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Effect of the introduction of diagnosis related group systems on the distribution of admission weights in very low birthweight infants
  1. Sylvie Abler1,
  2. Pablo Verde2,
  3. Hans Stannigel1,
  4. Ertan Mayatepek1,
  5. Thomas Hoehn1
  1. 1Department of General Pediatrics, Neonatology and Pediatric Intensive Care Medicine, Heinrich-Heine-University, Duesseldorf, Germany
  2. 2Coordination Center for Clinical Trials, Heinrich-Heine-University, Duesseldorf, Germany
  1. Correspondence to Thomas Hoehn, Neonatology and Pediatric Intensive Care Medicine, Department of General Pediatrics, Heinrich-Heine-University, Moorenstr. 5, D-40225 Duesseldorf, Germany; thomas.hoehn{at}uni-duesseldorf.de

Abstract

Background Admission weight to neonatal intensive care units is used in several diagnosis related group (DRG) systems to assess reimbursement by health insurance programs for premature infants. Modifications of admission weights could significantly affect reimbursement in either direction.

Objective Whether the introduction of the German DRG system in 2004 influenced the distribution of admission weights of premature infants was investigated.

Design/methods All very low birthweight infants in the most heavily populated German federal state, North Rhine-Westphalia, born in 1999–2001 and 2004–2006, were investigated. Data were retrieved from the medical association of North Rhine-Westphalia on 13 180 very low birthweight infants (VLBW; birth weight <1500 g). These data included admission weight and gestational age.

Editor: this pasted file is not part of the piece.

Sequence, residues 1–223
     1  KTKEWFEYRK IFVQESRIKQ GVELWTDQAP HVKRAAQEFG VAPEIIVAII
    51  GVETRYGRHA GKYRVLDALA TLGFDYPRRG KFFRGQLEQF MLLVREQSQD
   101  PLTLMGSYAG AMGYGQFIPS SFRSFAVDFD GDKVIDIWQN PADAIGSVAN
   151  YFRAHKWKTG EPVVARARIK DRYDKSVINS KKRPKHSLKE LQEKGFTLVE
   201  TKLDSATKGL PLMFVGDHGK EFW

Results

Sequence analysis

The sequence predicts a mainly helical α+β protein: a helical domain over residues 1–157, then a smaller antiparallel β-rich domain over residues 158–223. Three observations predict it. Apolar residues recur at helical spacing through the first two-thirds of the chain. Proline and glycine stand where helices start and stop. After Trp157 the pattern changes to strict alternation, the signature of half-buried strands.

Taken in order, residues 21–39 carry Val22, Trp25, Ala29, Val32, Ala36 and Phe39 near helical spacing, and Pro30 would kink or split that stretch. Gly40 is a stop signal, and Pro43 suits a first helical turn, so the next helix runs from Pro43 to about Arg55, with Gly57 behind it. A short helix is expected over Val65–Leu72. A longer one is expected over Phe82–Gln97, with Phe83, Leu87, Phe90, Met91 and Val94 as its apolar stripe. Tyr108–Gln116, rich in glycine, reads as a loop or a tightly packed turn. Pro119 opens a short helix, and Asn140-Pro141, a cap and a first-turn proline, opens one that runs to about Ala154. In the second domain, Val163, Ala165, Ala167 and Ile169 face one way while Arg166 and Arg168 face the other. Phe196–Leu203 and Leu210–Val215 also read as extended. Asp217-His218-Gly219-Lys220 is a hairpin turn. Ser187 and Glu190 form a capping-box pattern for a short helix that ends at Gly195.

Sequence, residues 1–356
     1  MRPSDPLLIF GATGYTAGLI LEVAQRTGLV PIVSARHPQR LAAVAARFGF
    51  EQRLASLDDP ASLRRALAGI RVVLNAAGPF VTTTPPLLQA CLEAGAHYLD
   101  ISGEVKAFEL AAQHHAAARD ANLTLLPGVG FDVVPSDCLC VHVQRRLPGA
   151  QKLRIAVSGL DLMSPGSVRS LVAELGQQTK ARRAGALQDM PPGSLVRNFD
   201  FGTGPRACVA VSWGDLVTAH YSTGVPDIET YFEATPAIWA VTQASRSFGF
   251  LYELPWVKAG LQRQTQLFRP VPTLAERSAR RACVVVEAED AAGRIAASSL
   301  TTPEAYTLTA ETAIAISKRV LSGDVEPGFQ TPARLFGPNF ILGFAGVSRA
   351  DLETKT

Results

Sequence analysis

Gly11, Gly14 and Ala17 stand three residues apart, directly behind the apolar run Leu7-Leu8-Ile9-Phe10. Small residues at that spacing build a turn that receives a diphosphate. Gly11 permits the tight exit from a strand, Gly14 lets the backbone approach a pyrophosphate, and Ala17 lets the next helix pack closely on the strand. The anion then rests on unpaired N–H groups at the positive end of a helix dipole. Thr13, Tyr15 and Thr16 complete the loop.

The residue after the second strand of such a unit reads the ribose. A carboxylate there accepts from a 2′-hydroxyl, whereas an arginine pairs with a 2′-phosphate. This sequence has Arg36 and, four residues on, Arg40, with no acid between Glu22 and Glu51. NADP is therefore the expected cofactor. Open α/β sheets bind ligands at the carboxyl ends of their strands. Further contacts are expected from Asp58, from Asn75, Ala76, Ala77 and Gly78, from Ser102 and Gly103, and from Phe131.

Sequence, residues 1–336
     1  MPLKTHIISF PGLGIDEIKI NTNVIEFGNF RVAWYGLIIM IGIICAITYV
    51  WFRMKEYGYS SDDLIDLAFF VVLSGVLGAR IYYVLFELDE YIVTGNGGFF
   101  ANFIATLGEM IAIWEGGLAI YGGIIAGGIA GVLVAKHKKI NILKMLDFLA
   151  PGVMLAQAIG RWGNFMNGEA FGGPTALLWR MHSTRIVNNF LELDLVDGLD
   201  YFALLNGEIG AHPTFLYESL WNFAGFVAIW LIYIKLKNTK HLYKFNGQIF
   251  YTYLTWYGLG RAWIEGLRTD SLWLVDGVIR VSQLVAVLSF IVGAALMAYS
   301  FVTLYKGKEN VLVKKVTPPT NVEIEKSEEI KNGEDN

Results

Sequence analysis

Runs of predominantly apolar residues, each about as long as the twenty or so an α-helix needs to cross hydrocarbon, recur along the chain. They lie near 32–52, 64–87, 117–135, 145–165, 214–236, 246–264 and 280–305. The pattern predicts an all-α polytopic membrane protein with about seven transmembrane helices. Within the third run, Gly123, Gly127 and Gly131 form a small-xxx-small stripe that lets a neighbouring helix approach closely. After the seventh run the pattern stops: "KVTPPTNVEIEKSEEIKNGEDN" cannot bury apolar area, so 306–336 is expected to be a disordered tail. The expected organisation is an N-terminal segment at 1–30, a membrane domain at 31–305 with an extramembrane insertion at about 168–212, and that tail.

Results In 2004–2006 compared to 1999–2001, there were significantly more infants with admission weights below 1000 g (2004–2006; 949–999 g: 460 infants, p=0.007) and 1500 g (2004–2006; 1449–1499 g: 815 infants, p=0.0019), and fewer infants with documented weights above these cut-off values (1999–2001; 1000–1049 g: 346 infants and 2004–2006; 1500–1549 g: 658 infants).

Conclusions The introduction of the DRG system in Germany has affected the distribution of admission weights of premature infants. Potential reasons for this effect including upcoding are discussed.

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Footnotes

  • Competing interests None.

  • Ethics approval This study was conducted with the approval of the local medical board.

  • Provenance and peer review Not commissioned; externally peer reviewed.

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